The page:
“Nothing that we sell needs any modifications, no holes drilled, no cutting, no additional hardware or mounting pieces needed that are not included,” says Chonko. “Everything comes ready go or ‘Ready to Race.’”
Chonko said all the HEQ parts use OEM specs. If a part doesn’t fit as well as the OEM piece it will not make it in to KTM’s Hard Equipment line.
Some interesting HEQ parts include the ‘anti-hopping’ clutch. The unit is a complete inner clutch system and features a hub consisting of two pieces connected by a helix profile. The clutch uses angled layers for additional friction to prevent slippage.
Under load the system generates additional pressure on the clutch plates but when ‘over-running’ or decelerating the clutch is able to slip, thus eliminating the rear wheels from hopping or essentially preventing engine braking, Chonko explained.
“This design, unlike other slipper clutches on the market, makes it much easier to pull in the clutch lever with 50 percent less pressure needed, which has a great impact on reducing rider fatigue,” says Chonko.
A complete list of KTM Hard Equipment parts is available at http://www.ktm.com/450-XC-ATV/
|2008 KTM XC 450 Specs|
|Engine:||Single cylinder, 4-stroke, SOHC, 4-Valve, liquid cooled|
|Bore x Stroke:||89 x 72 mm|
|Starter:||Electric starter / 4 Ah|
|Transmission:||5-speed XC semi-close-ratio + reverse|
|Carburetor:||Keihin FCR-MX 39|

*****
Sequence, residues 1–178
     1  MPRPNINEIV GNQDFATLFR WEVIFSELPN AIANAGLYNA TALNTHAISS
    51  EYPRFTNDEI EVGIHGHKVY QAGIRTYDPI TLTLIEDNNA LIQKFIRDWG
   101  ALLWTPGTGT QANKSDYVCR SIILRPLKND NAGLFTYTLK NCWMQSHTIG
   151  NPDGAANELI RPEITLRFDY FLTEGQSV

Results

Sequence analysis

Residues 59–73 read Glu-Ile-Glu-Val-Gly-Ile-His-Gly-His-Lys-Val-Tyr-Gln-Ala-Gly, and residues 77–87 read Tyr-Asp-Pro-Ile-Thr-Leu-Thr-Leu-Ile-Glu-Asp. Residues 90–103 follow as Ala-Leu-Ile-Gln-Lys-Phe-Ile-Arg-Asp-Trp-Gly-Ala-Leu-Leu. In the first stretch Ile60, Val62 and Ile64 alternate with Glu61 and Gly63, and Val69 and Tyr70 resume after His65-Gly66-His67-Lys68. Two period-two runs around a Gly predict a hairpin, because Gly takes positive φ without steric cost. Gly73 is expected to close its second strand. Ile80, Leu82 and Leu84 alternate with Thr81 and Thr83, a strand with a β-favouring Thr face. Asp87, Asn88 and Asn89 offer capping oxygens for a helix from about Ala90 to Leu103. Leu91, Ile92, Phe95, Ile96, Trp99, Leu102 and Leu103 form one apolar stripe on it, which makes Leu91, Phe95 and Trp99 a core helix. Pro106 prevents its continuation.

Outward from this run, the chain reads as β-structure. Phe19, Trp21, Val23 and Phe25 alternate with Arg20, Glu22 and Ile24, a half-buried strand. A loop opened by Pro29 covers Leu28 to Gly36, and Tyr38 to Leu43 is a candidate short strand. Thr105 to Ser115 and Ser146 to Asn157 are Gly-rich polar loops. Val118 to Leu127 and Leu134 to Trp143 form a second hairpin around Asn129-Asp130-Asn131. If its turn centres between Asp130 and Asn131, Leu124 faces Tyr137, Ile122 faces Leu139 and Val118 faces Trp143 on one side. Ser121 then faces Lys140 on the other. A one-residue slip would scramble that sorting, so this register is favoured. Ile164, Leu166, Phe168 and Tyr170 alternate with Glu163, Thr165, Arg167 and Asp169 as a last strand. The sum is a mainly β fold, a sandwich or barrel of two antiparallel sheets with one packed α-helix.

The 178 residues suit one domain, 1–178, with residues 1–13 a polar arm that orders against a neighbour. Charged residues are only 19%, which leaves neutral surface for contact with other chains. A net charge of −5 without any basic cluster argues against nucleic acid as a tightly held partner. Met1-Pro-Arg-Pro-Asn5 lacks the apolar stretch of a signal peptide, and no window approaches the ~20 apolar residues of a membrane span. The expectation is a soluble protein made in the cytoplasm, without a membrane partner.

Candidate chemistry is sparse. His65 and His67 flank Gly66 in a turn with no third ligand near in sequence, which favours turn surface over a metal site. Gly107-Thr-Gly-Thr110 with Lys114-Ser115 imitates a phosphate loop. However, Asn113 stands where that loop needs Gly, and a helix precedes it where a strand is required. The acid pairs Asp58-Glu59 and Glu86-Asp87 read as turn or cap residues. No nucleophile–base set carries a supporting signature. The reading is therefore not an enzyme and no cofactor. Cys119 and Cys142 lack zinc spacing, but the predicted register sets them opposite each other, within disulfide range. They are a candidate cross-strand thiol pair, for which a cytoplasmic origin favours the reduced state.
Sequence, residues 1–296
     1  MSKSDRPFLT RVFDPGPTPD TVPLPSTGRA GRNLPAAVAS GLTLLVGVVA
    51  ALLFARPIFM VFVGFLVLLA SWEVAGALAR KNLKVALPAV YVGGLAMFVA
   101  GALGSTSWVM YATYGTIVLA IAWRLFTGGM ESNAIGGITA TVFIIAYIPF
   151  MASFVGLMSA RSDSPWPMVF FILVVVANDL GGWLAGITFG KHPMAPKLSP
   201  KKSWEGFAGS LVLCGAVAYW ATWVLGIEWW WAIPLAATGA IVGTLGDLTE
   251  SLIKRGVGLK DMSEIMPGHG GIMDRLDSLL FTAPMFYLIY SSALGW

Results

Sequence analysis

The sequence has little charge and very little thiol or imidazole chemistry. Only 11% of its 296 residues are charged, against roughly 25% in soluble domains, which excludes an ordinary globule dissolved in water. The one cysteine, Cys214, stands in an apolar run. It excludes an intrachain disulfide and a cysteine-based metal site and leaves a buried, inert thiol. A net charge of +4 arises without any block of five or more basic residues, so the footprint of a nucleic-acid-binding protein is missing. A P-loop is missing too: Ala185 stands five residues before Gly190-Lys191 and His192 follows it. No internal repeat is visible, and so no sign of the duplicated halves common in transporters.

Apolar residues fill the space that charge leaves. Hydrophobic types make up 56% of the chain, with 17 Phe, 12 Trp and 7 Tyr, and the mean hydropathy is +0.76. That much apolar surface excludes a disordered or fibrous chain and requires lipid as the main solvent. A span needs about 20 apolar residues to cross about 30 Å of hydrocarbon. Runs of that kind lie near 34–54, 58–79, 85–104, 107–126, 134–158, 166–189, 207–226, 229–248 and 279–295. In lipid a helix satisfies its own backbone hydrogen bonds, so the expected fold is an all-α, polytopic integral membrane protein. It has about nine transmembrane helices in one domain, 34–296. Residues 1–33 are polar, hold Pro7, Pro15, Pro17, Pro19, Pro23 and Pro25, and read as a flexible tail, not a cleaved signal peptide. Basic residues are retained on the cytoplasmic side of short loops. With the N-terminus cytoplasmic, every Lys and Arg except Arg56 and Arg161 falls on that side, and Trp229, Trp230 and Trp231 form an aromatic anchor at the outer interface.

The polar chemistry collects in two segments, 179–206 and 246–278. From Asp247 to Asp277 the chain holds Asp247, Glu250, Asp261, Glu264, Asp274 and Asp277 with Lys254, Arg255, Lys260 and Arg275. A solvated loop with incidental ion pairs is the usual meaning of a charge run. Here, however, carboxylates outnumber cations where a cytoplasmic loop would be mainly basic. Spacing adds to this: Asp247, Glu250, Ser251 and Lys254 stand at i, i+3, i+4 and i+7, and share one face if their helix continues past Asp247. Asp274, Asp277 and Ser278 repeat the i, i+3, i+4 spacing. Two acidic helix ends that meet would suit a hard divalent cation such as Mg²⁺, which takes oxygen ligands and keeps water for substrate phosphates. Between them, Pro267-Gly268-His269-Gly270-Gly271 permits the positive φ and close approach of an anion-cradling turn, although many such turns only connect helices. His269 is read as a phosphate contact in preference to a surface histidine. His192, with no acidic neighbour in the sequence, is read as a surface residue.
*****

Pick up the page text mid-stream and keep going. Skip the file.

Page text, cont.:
|Lubrication:||Dry sump, pressure lubrication with 2 Eaton pumps|
|Clutch:||Wet multi-disc clutch, operated hydraulically|
|Handlebar:||Magura tapered aluminum, 28 mm|
|Front Suspension:||Öhlins fully adjustable, twin A-arms|
|Rear Suspension:||Öhlins PDS mono-shock, fully adjustable, swingarm|
|Suspension Travel front/rear:||257 / 265 mm (10.2 / 10.4″)|
|Front Brake:||180 mm (7.08″) floating WAVE discs, 4-piston fixed caliper x 2|
|Rear Brake:||200 mm (7.87″) disc, single piston floating caliper|
|Rims front/rear:||5.0″x10.0″; 8.0″x9.0″ Douglas|
|Tires front/rear:||21″x7″-10″; 20″x11″-9″ MAXXIS Razor|
|Chain:||520 X-ring chain 5/8 x 1/4″|
|Main Silencer:||Aluminum XC w / Spark Arrestor|
|Wheel Base:||1280 mm (50.39″)|
|Ground Clearance:||290 mm (11.42″)|
|Seat Height:||820 mm (32.2″)|
|Fuel Capacity:||approx. 13.4 liters (3.54 gal)|
|Weight (no fuel):||163 kg (351.1 lbs)|
Related Reading: 2009 KTM 450 & 505 SX Review